The instrument module houses a suite of six instruments:
Since the X-ray beam from the optics module cannot be folded in the manner typically used in visible-light telescopes, five of the instruments (WFI+HXI, XMS, HTRS, or XPOL) must be rotated into the focus, with only one operating at any given time.
The XGS views X-rays that have been diffracted out of the main beam by gratings, onto a CCD camera at the side of the main focal plane – it operates continuously. The HXI sits behind the WFI and views high-energy X-ray photons that have passed through the WFI's focal plane.
The four instruments / instrument combinations that must operate at the focal point of the main beam will be mounted on a revolving platform with four stops, moved by redundant motors. The movable instruments will have their own fine-focussing mechanisms to allow them to compensate for changes in focus between ground testing and the flight environment.
The XGS CCD camera will have a lateral fine-positioning mechanism so that it can be centred on the X-ray diffraction beam coming from the gratings. The gratings will be located at the end of the fixed telescope structure nearest the service module, or in the service module itself.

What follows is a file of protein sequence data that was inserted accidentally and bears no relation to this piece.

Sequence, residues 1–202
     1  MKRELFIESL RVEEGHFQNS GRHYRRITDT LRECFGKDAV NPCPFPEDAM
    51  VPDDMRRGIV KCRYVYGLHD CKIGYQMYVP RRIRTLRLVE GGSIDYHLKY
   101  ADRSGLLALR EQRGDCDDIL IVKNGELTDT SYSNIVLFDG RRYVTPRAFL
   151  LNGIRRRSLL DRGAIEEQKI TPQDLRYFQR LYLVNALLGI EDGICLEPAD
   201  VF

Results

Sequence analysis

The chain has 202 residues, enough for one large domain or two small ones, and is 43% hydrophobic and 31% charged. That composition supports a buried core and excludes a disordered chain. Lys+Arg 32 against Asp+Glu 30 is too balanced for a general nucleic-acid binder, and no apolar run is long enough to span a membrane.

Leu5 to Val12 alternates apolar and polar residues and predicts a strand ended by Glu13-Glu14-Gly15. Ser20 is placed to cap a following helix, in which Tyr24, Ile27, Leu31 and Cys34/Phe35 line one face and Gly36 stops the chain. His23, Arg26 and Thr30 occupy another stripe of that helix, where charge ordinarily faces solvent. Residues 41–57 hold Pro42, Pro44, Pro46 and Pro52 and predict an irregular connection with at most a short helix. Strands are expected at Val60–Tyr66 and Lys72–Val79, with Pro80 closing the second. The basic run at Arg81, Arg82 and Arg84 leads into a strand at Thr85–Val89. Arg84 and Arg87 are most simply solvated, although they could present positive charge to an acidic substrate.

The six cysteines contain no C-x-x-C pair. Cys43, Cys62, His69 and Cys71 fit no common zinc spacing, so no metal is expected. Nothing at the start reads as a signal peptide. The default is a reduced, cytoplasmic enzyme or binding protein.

All the instruments will be protected from incoming protons in the energy bands of interest by magnets, positioned close to the detectors.
On the platform mounting the movable instruments, the five instruments will need to have electronics boxes housing their signal processing systems – these need to be close to the detectors. Once the sensor signals have been digitised, the data can be sent to additional electronics housed on the underside of the fixed part of the instrument platform. From there the data is sent to the service module for storage and transmission to Earth.
The electronics on the movable instrument platform will be cooled by means of heat-pipe connections to a radiator. The instruments may have their own radiators looking to deep space. The electronics on the underside of the instrument module will also be cooled with heat pipes and a radiator.
A fixed sunshield attached to the instrument module will keep the instruments in shadow at all times. The limitation of spacecraft roll (± 10 degrees) and pitch (± 20 degrees) with respect to the Sun line somewhat simplifies the task of stabilising the thermal environment for the instruments.